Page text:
WASHINGTON — Hawaii Congresswoman Tulsi Gabbard barely registered in the Nevada Democratic caucuses Saturday, further dampening her dream of moving into the White House.

The Associated Press declared Vermont Sen. Bernie Sanders the winner as he held a significant lead over the other 2020 Democrats in the field, including former Vice President Joe Biden, former South Bend, Indiana Mayor Pete Buttigieg, Massachusetts Sen. Elizabeth Warren and Minnesota Sen. Amy Klobuchar.

With 88% of precincts reporting, Sanders won 47.1% of all county convention delegates while Biden, who was in second place, received 21%.

Gabbard, meanwhile, lagged far behind the frontrunners, and was in last place among the main contenders still in the race with 0.0% of county convention delegates.

Her poor showing was not unexpected.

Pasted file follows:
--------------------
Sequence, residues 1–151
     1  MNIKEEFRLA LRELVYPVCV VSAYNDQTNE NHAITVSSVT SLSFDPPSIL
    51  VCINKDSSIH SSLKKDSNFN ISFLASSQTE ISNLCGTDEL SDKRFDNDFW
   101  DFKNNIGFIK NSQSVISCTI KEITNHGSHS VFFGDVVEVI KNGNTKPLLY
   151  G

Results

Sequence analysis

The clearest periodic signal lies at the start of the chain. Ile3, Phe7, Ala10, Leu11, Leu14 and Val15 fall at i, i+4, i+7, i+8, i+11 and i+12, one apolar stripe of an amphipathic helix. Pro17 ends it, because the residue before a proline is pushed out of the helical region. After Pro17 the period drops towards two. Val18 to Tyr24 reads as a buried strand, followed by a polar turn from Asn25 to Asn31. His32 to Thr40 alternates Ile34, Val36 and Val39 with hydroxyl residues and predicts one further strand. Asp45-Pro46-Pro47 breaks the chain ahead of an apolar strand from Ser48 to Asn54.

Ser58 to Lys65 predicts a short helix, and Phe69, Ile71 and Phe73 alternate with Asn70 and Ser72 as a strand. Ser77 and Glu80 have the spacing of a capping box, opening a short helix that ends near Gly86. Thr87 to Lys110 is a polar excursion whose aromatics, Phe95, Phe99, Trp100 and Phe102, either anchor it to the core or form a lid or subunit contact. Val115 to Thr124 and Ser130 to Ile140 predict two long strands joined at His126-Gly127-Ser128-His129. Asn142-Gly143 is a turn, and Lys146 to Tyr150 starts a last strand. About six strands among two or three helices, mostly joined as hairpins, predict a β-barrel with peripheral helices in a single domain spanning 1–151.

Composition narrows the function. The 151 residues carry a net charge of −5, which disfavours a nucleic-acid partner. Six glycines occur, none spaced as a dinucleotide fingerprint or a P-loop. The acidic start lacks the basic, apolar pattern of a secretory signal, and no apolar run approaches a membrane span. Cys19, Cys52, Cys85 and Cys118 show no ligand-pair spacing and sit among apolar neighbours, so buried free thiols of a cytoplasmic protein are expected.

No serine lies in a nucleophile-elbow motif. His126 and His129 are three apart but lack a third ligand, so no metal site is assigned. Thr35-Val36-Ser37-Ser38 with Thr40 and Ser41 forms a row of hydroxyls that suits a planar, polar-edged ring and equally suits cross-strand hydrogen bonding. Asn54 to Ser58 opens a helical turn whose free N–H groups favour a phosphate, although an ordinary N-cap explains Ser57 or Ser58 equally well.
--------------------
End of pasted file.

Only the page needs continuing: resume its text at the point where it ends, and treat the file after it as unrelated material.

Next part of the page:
Hawaii Congresswoman Tulsi Gabbard, seen here in New Hampshire, has struggled to gain much traction nationally.

Nick Grube/Civil Beat

The congresswoman received 0% of the final votes in Iowa and only 3.3% in New Hampshire, a state where she spent a significant amount of time and money.

Her poll numbers have been generally dismal in both early voting states and nationally, where she averages less than 2% support.

Gabbard has not put a lot of effort into campaigning in early caucus states, such as Nevada, saying that doing so would be a waste of her limited financial and human capital.

For example, Gabbard spent nearly 40 days in Iowa early on in her campaign, but all but abandoned the state in October to focus her efforts instead on New Hampshire, where she hoped to capture voters who did not identify themselves as Democrats or Republicans.

Since New Hampshire, Gabbard has focused her efforts on South Carolina, Maine, Virginia, Utah and Colorado, which either have open primaries or large numbers of unaffiliated voters who can pull a Democratic ballot.

Gabbard has built a base that includes far-left progressives, libertarian-minded independents and conservatives who voted for Donald Trump in 2016.

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